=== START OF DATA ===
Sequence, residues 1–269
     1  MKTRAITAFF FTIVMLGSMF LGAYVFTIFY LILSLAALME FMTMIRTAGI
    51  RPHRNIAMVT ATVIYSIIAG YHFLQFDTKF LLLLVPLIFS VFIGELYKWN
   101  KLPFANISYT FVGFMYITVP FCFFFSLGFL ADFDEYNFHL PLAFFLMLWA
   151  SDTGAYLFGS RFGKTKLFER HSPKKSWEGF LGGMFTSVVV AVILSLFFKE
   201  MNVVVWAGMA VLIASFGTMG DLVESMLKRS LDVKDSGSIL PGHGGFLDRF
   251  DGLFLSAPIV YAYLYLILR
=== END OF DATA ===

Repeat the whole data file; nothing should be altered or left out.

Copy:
Sequence, residues 1–269
     1  MKTRAITAFF FTIVMLGSMF LGAYVFTIFY LILSLAALME FMTMIRTAGI
    51  RPHRNIAMVT ATVIYSIIAG YHFLQFDTKF LLLLVPLIFS VFIGELYKWN
   101  KLPFANISYT FVGFMYITVP FCFFFSLGFL ADFDEYNFHL PLAFFLMLWA
   151  SDTGAYLFGS RFGKTKLFER HSPKKSWEGF LGGMFTSVVV AVILSLFFKE
   201  MNVVVWAGMA VLIASFGTMG DLVESMLKRS LDVKDSGSIL PGHGGFLDRF
   251  DGLFLSAPIV YAYLYLILR